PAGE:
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Yanomami beset by violent land-grabs, hunger and disease in Brazil | Global development

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A photograph of an emaciated Yanomami girl, huddled listlessly in a hammock beside an empty cooking pot over an unlit fire. Shaky footage of indigenous people screaming as they flee in panic to a soundtrack of gunfire.

Shocking images shared on Brazilian social media this week have cast a spotlight on a spiral of violence, malnutrition and disease that threatens fresh devastation for the Yanomami people and their ancestral territory in the Amazon state of Roraima.

“The Yanomami are facing a humanitarian crisis, which is as critical as at the end of 1980s when the territory was invaded by 40,000 illegal miners,” said anthropologist Ana Maria Machado, a member of the Pro-Yanomami and Ye’kwana Network.

About 27,000 Yanomami live on the reserve which is the size of Portugal. But in recent years, the territory has seen a new invasion by about 20,000 wildcat miners – known as garimpeiros. Last year, the influx caused a 30% increase in illegal mining inside the territory, and it has also brought infectious diseases.

The past five years have seen a nearly 500% increase in malaria cases on the reserve, while in the first eight months of 2020, nearly 14,000 new cases and nine deaths from the disease were reported.

An emaciated Yanomami girl in Maimasi village, Roraima state, released by a Catholic missionary. Photograph: Handout

The coronavirus pandemic has only worsened the situation: government figures say that more than 1,640 Yanomami people have contracted Covid-19 and 13 people died of it, although indigenous leaders say the true figure is higher. So far, 60% of the Yanomami have been vaccinated, according to an indigenous council.

“Uncontrolled illegal mining, the neglect of indigenous health, and epidemics of malaria and coronavirus have created tensions that are growing like a pressure cooker about to explode,” said Machado.

“We are facing many difficulties: there is a lack of professionals, medicines such as chloroquine to treat malaria, and equipment,” said Júnior Hekurari Yanomami, the head of Condisi-YY, an indigenous health council.

Hekurari said that tribal leaders had repeatedly appealed to federal authorities over the land invasions and health crisis.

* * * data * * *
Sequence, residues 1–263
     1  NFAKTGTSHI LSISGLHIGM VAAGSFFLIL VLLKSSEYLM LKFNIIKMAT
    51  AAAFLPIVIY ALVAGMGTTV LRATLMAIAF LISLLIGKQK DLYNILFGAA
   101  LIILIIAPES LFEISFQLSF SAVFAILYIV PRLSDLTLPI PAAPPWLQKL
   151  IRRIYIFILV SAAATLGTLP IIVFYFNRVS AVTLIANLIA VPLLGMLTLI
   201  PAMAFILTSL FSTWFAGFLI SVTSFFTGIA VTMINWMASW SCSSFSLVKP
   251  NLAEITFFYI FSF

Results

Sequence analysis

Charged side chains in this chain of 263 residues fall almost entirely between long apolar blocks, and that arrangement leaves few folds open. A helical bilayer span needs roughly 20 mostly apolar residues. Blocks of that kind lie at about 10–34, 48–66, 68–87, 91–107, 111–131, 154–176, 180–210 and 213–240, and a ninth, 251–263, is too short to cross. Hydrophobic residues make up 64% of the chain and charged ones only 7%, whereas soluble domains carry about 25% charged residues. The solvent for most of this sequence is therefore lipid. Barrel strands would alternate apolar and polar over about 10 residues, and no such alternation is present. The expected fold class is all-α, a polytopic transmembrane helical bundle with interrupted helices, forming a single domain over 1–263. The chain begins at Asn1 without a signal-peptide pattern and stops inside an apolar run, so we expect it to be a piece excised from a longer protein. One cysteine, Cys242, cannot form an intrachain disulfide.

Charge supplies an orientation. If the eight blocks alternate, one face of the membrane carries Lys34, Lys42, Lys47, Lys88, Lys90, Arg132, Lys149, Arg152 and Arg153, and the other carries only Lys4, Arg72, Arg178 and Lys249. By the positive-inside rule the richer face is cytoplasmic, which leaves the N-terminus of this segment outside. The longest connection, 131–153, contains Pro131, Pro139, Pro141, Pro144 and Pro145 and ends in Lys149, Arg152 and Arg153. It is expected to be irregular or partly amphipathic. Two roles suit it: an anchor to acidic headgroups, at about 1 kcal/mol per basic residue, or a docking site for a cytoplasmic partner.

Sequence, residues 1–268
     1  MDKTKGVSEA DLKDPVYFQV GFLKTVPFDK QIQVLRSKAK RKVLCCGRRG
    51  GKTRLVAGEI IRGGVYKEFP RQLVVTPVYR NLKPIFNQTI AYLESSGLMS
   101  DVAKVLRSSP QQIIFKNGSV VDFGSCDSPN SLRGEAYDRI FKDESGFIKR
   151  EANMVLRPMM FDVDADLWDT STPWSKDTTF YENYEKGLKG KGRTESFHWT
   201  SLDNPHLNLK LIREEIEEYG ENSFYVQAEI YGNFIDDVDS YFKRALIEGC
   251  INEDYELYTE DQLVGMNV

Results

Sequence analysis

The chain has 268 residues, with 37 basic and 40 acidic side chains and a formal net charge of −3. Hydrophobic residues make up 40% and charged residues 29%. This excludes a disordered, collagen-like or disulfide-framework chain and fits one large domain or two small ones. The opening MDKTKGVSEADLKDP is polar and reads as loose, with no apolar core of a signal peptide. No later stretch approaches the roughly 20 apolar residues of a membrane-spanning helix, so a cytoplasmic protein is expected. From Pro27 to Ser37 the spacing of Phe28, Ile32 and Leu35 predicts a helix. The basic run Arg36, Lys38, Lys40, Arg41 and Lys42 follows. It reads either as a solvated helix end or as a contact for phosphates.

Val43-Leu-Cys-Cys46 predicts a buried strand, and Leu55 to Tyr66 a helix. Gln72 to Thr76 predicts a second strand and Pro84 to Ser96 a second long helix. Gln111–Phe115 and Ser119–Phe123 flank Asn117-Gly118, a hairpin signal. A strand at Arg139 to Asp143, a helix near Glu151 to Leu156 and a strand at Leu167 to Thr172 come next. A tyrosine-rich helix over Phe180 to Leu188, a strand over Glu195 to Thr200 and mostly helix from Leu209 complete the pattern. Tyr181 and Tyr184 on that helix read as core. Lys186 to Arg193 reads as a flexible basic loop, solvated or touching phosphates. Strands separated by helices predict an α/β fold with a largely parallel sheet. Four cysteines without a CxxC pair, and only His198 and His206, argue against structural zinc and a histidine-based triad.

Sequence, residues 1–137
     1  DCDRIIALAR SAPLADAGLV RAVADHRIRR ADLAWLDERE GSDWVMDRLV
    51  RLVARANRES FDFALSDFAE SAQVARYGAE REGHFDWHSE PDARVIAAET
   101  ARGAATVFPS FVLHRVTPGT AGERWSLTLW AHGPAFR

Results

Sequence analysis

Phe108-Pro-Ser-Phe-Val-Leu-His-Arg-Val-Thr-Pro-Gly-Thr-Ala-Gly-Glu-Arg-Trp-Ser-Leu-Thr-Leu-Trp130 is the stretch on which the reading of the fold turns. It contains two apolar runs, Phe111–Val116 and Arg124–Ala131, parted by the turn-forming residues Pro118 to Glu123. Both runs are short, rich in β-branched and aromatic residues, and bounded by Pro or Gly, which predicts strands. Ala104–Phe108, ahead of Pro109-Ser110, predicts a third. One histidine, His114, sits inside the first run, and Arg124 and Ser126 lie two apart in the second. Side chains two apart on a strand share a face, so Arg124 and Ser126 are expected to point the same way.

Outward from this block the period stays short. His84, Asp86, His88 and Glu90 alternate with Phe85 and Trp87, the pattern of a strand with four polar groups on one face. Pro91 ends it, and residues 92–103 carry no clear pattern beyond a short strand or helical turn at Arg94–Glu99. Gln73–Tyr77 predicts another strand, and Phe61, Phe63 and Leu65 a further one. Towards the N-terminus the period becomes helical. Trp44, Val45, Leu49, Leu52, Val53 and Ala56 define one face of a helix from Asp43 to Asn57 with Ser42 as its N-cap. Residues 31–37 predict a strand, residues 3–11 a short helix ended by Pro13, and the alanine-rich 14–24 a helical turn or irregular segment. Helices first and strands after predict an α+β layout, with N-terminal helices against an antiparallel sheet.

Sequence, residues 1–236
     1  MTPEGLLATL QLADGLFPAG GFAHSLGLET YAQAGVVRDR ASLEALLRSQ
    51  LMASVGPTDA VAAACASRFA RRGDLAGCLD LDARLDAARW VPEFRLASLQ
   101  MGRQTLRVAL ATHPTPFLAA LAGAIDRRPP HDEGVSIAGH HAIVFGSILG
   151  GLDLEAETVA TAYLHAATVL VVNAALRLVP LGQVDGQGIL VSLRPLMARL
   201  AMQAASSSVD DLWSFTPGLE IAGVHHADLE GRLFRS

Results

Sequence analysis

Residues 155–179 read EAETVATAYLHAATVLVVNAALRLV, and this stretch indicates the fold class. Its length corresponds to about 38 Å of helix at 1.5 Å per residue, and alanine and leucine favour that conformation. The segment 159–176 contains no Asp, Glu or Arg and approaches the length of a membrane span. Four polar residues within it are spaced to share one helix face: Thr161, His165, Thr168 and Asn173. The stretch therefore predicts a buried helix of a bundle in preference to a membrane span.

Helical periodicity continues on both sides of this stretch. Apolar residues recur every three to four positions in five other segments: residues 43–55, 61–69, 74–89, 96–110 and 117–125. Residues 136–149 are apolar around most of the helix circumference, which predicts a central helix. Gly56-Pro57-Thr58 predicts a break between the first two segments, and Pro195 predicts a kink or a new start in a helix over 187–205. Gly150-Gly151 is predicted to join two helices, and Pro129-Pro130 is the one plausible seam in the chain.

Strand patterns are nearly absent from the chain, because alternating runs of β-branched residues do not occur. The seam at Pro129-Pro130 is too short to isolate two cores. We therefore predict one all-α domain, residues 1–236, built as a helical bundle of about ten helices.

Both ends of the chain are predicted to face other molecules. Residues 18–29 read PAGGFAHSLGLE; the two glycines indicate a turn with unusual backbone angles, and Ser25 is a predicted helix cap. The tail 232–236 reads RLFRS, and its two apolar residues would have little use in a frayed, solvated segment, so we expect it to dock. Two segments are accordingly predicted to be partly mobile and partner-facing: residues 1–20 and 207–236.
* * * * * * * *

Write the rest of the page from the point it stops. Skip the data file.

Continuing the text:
“We have no support from the federal government,” he said. “But the government has been doing everything to disrupt indigenous health since 2019.”

That was the year Jair Bolsonaro took office, and tensions between land grabbers, illegal miners and indigenous people have increased steadily since the start of his administration.

Bolsonaro has supported legislation to open indigenous protected areas to mining and that would transfer ownership of large swaths of land to illegal squatters. He has also emboldened miners, loggers and land-grabbers by weakening Funai, the federal agency charged with protecting Brazil’s indigenous population, and repeatedly claiming that indigenous territories are “too big”.

“Bolsonaro gives a green light to all types of illegality in the reserves,” Machado said.

The recent outbreak of violence came after indigenous people blocked miners from using the Uraricoera river to reach one of their camps. In retaliation, garimpeiros carried out a series of attacks on isolated villages, where they exchanged fire with Yanomami.

Three garimpeiros died and five people, including one indigenous person, were injured in the 24 April attack on the village of Palimiú, said Hekurari, who visited the territory soon afterwards.

On a second visit to the village, Hekurari was accompanied by federal police, who also exchanged fire with heavily armed men dressed in black. There were no casualties that time, but signs of the violence were everywhere, he said. “We saw bullet holes everywhere, at the school, houses. It was very serious.”

Members of the Yanomami ethnic group wait for Covid-19 tests in the indigenous land of Surucucu, in Alto Alegre, Roraima state, last July.
Members of the Yanomami ethnic group wait for Covid-19 tests in the indigenous land of Surucucu, in Alto Alegre, Roraima state, last July. Photograph: Nelson Almeida/AFP/Getty Images

Federal police in Roraima did not respond to a request for comment, and Funai said it was still investigating the incidents.

On Thursday, troops and police officers were dispatched to Palimiú to prevent new confrontations, but the violence has already forced a team from the health ministry to leave the village.

The pandemic has deepened food insecurity across Brazil, but particularly in indigenous communities, where malnutrition was already a serious problem. Eight out of 10 Yanomami children are malnourished, according to a Unicef study.

After the image of the starving Yanomami girl went viral, she was admitted to a public hospital in Boa Vista where she was treated for malaria and malnutrition.

But, Carlo Zacquini a Catholic missionary who released the picture, said the region where she lives lacks basic healthcare. “There are villages away from health units that have been without care for months, sometimes years,” he said.

Zacquini, who has worked with the Yanomami since the 1960s, did not reveal the author of the picture, for fear of retaliation from authorities.

“Releasing the photo brings risks, but it was more than time to do something,” the 84-year-old said.



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